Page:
Answer: I suggest you read the Magus of Java to answer these questions; I understand it is on pirate websites as a torrent, though I cannot legally advocate that you download it from there. But in summary the philosophical principles of the school follow the line of Mo Tzu, though what I witnessed in Java was more along the line of shamanism and ancestor worship.
 

Are there scriptures or texts in particular, Taoist, Buddhist, or others, that help to reach this goal, or are philosophies of Mo Pai all learned directly from a master, and through one's perseverance in the practices Mo Pai?

Answer: Sifu John has a book given to him by his master with the practices of the school outlined in medieval Chinese all the way up to Level 72. I have seen it, but of course could not read it.
 

Yuen Biao, on 08 November 2011 - 09:07 PM, said:
I have two simple questions:
1. What type of meditation does Kostas prefer to practise in terms of what he believes gives him most benefit; for instance would that be standing (wu ji, Zhan Zhuang) or seated for instance (lotus, seiza).

Answer: Even though I have practiced other forms of meditation, most likely due to simple repetition, I still like to practice the MoPai seated method, sitting in a half-lotus because of creaky knees. It seems I can reach deeper states of meditation with this practice. Bear in mind though that such choices are very personal.

2. Does Kostas agree with Bruce Lee in regard to his famous quote: "It's not the daily increase but daily decrease. Hack away at the unessential." And can we also follow this philosophy in terms of spiritual practices and internal martial arts?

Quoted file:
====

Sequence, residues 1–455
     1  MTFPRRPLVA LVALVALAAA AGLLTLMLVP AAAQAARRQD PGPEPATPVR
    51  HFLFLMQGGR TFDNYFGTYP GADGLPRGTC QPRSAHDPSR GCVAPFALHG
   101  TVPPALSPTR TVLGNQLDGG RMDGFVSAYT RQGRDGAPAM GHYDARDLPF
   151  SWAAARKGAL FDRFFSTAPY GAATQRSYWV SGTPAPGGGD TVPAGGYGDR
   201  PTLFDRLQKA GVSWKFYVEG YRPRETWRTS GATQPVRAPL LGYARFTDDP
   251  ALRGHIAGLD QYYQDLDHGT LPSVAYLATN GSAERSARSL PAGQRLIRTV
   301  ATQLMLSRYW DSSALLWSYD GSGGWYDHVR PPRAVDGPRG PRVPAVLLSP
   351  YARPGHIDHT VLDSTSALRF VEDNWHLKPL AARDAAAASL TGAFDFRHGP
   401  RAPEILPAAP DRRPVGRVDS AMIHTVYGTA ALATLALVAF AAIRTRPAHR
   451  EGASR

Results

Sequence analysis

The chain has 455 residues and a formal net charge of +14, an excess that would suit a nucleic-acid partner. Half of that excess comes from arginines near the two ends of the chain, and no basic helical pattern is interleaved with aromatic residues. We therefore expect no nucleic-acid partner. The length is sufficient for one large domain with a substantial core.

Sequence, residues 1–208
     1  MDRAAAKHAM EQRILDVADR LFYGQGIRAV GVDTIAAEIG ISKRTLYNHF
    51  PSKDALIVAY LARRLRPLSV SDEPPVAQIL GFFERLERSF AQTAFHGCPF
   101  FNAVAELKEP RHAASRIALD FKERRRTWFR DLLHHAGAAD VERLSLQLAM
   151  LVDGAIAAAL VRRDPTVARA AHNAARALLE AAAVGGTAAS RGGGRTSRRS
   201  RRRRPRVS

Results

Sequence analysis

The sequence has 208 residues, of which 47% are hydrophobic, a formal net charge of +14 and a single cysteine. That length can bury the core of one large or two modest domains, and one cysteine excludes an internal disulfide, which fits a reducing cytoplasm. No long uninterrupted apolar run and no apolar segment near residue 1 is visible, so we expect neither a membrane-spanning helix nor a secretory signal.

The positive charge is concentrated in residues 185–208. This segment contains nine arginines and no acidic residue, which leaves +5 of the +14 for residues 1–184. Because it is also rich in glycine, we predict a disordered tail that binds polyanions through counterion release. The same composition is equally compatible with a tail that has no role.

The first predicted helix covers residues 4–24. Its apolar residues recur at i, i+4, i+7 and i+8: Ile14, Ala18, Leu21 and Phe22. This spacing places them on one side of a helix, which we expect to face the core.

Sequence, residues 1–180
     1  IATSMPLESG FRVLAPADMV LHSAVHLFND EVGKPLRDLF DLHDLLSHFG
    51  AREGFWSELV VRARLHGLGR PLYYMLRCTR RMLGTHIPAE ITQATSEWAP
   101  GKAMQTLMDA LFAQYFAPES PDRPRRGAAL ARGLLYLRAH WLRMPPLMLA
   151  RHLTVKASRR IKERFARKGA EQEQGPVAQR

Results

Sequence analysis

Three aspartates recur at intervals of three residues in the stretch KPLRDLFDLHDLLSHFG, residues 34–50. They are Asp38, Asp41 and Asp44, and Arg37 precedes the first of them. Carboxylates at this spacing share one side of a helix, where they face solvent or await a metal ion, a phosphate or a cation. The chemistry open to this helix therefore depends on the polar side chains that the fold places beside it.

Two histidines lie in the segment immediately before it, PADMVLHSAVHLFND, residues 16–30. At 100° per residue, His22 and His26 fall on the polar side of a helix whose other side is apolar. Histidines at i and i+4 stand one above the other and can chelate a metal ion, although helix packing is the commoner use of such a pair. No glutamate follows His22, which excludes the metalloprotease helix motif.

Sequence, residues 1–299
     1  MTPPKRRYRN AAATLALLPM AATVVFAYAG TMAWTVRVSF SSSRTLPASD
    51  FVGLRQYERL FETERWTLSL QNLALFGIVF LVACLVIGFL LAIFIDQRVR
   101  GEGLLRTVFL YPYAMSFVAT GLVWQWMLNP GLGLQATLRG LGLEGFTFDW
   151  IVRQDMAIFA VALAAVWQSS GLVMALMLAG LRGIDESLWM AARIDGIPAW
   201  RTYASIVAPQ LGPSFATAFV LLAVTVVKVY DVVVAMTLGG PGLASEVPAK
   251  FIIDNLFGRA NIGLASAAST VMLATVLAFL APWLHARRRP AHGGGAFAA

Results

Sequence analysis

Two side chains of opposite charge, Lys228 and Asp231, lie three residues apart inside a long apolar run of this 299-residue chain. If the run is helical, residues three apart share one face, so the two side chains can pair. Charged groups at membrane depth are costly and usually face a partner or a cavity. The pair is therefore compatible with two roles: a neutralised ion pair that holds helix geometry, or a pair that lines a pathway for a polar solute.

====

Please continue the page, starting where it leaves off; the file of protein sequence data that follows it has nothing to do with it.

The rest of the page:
Answer: Yes and no. I certainly would not counsel wasting one's time with overcomplicating things. On the other hand, I firmly believe that ability equals the definite integral of effort put in over time, dt - the more time you put in, the more efficient you will become as well.
*Edit - to say thank you!
You are very welcome.
 
Trunk, on 08 November 2011 - 10:51 PM, said:
two questions:
1. In your view, are there some few fundamental principles / mechanics pertaining to cultivation in general that we should keep in mind?

Answer to both: Remember that we are complex entities, and yet, like St. Spyridon's brick, all one unit. Neither cultivation nor harmonizing essence are independent of one's own nervous system or metabolism, nor are our actions independent of the consequences of our own lives. If your nervous system is unhealthy, your mind will suffer as well. If your metabolism is unhealthy, so will your practice become unhealthy. Be deliberate and responsible, and accept that one plus one equals two. Keep this in mind and you will do well.